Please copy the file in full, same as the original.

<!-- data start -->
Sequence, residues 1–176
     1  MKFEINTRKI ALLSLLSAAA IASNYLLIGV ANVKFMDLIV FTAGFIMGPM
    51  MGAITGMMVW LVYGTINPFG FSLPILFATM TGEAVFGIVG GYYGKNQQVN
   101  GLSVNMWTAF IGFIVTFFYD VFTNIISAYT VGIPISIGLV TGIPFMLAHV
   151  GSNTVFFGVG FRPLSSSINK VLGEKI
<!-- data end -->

Sequence, residues 1–176
     1  MKFEINTRKI ALLSLLSAAA IASNYLLIGV ANVKFMDLIV FTAGFIMGPM
    51  MGAITGMMVW LVYGTINPFG FSLPILFATM TGEAVFGIVG GYYGKNQQVN
   101  GLSVNMWTAF IGFIVTFFYD VFTNIISAYT VGIPISIGLV TGIPFMLAHV
   151  GSNTVFFGVG FRPLSSSINK VLGEKI